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For centuries the trip to Italy has been in the dreams of many people, everywhere in Europe. Cultural education necessarily ended with the ‘Grand Tour’, a true pilgrimage from every corner of Europe to the discovery of a thousand-year-old civilization and extraordinary Italian cultural heritage. Implemented already during the Renaissance, it had a resounding success especially in the eighteenth century. At the end of the seventeenth century Richard Lassels spoke about the ‘Grand Tour’ in his guide ‘An Italian voyage or a Complete journey through Italy’ and throughout the eighteenth century the trip to Italy became a real craze among the classes that could afford it. Many young ...

people came to Italy to learn about art, culture and the testimonies of antiquity. The sightseeing tour of the historic cities of art offered opportunities for knowledge, study, purchases, even if there were difficulties, such as bad roads, and dangers, like brigandage. With intellectuals and wealthy bourgeois, many students came to Italy with the aim of learning ancient models. In the nineteenth century a trip to Italy became a fashion and a moment of training even for high-ranking young people. The ‘Grand Tour’ was much more than just a tourist trip: it was a period of extraordinary training in contact with an exceptional history and culture. Every man of European culture dreamed of making at least one trip to Italy, for the testimonies of the classical Greek and Roman past, for the splendid bucolic landscapes, for the many parties and countless musical and theatrical performances.
Rome was the main destination, but also Naples, Florence, Venice, Turin, Milan and Sicily played a leading role. Many painters made portraits and views of Italy in Rome and in other cities of art. There were also foreign artists who also proposed themselves as guides for their compatriots, such as members of the French Academy. Writers, artists, politicians, wealthy bourgeoisie, art and culture enthusiasts undertook the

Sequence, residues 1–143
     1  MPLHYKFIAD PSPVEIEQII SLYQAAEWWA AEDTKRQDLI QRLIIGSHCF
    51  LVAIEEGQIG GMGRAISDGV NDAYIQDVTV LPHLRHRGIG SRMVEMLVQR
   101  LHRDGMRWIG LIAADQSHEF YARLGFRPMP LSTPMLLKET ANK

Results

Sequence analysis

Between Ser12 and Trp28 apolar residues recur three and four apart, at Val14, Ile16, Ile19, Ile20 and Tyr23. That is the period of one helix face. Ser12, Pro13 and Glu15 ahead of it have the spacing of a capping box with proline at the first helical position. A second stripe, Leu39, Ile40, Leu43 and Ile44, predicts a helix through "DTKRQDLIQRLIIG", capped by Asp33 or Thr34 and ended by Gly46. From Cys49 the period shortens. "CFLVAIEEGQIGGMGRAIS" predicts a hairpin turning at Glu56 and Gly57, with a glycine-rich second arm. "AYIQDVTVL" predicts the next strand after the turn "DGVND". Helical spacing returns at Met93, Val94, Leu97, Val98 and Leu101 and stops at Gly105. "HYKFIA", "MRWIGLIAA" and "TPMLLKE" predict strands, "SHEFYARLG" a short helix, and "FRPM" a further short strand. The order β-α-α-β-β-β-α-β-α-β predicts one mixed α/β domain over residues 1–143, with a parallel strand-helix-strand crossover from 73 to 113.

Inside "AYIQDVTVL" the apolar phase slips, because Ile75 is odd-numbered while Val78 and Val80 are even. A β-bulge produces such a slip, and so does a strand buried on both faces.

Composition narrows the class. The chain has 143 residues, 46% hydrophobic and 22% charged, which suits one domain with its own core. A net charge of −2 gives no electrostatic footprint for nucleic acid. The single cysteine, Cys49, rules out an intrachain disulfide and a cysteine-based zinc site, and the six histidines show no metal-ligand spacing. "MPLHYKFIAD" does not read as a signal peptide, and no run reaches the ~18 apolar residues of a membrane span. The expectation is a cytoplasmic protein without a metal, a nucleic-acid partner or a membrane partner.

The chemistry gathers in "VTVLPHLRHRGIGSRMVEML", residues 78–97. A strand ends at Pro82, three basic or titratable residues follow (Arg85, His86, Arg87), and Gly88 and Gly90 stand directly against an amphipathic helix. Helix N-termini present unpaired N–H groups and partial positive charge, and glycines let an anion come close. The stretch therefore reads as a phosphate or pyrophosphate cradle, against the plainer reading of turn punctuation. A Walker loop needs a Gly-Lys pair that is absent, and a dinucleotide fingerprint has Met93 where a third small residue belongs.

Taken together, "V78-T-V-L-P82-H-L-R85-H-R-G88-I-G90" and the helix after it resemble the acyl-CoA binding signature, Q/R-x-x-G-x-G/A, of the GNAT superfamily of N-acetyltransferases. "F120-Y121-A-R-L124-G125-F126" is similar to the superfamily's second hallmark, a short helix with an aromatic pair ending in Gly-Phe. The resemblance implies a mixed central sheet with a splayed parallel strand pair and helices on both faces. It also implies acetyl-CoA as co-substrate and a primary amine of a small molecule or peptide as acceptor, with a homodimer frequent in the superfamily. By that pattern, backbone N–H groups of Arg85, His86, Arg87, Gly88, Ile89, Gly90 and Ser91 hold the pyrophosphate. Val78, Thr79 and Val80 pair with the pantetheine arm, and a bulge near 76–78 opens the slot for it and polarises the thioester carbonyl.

Grand Tour’ in Italy. Goethe did it between 1776 and 1778, fleeing from Weimar in secret and under a false name, to enjoy Italy, the country of his desires and nostalgia, without having to give account to anyone. The list of foreign travellers in Italy is long, from Milton to Marvell, Harvey, Jean-Pierre Houel, Charles Didier, Thomas Gray, Chateaubriand, Thomas Hobbes, Madame de Stael, George Sand. Many have left engaging travel diaries, such as the aforementioned Richard Lassels, Philip Skippon, William Acton, John Evelyn, John Raymond. The emotional involvement and enthusiasm of travellers is expressed, among others, by the English writer Joseph Addison, who wrote in 1765: «There is certainly no other place in the world where a man can travel with greater pleasure and benefit than Italy. It is the great school of music and painting, and in it there are all the noblest works of sculpture and architecture, both ancient and modern».
In the more and more globalized world we run after foreign models and we forget our heritage and the opportunities that have marked the international prestige of Italy in past centuries. Art, culture, natural beauties and tourism could also offer extraordinary economic prospects today. There are no global strategies to promote the image of Italy abroad; self-harm and cross vetoes often prevail; squalid and partisan policies make us forget the great values ​​and the extraordinary wealth built and handed down by those who left us a great legacy that we should jealously guard to entrust it to the new generations. A splendid page of our cultural past is undoubtedly the ‘
Grand Tour’, an Italian myth that, with everyone's commitment, could come back. (Felice d’Adamo)

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